Stopping sexual assault and domestic violence - Full Stop.

Sex, Safety & Respect: Training for Universities

"Primary prevention makes preventing violence everyone’s responsibility and asserts that we all have a role to play in changing the culture, structures and attitudes that drive violence against women."

— Our Watch, Putting the prevention of violence against women into practice: How to change the story


Sex, Safety and Respect is a suite of sexual assault prevention programs specifically designed for the university environment. Using a range of learning strategies based on reflection and skills development, the programs lead participants through concepts such as ethical decision making in their interpersonal relationships, understanding other people’s desires and needs, the law, skills in ethical negotiation, ethics and social media, and being an ethical bystander.


All programs are evidenced based and best practice, delivered by educators who have been specifically trained to deliver sexual violence prevention education in multiple settings including universities. Our trainers are highly skilled and have extensive backgrounds working as counsellors with sexual assault survivors, and as educators.


Sex, Safety and Respect has been researched and developed by Professor Moira Carmody with support and financial assistance from The Hunting Ground Australia Project. Sex, Safety and Respect builds on the highly successful and evaluated Sex and Ethics Program which has been offered across Australia and New Zealand since 2007.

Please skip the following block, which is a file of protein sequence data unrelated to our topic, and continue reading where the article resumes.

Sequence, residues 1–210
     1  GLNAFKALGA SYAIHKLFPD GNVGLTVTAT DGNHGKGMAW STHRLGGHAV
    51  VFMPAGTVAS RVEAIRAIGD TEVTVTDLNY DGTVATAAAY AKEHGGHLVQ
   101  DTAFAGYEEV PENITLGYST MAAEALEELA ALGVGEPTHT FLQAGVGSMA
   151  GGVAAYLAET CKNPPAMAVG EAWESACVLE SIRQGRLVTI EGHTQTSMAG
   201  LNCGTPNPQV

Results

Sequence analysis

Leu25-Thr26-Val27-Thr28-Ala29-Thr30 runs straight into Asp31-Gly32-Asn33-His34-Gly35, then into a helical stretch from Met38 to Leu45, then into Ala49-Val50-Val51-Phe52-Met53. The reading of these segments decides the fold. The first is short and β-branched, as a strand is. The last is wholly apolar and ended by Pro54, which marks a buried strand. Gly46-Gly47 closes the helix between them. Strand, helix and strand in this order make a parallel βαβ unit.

The programs are delivered by the Full Stop Foundation. Educators, when not providing sexual assault prevention training, are employed by Rape & Domestic Violence Services Australia. The educators are social workers, psychologists and counsellors, and have extensive backgrounds working with adults. All proceeds from the training are directed to providing services for those who

have experienced sexual, domestic or family violence.


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Why is involving a sexual assault service important?

To be effective, sexual assault prevention programs must be delivered by experts with specific skills, knowledge and training in sexual assault and trauma. 1 in 5 women and 1 in 20 men have experienced sexual assault since the age of 18. This means that any given group of participants is likely to include people with experiences of sexual violence.

Groups may also include participants that hold victim blaming attitudes or subscribe to rape myths. This can produce challenges for maintaining group safety and an effective learning environment. Skilled professional can ensure participant safety sand continuous, positive engagement.

Facilitators who lack specific expertise and opportunities for debrief within a formal professional setting can be adversely impacted by the material they deliver.



What is best practice?

What isn't best practice?

Evidence based and underpinned by      a gender analysis

Culturally sensitive, inclusive and appropriate

Involving a sexual assault service and delivered by experts with relevant expertise

Includes information on ethical   bystander behavior

- Developed in consultation with young people and rigorously evaluated
- Programs developed by or delivered by non-experts

- Focus just on laws or biology, while leaving subjects like consent, communication and relationships untouched

- Focus on risk avoidance / punishment avoidance rather than empathy and respect

- Programs which ignore the competencies and skills young people bring to discussions about relationships

- Lack of coherent conceptual approach to program design and stated theory of change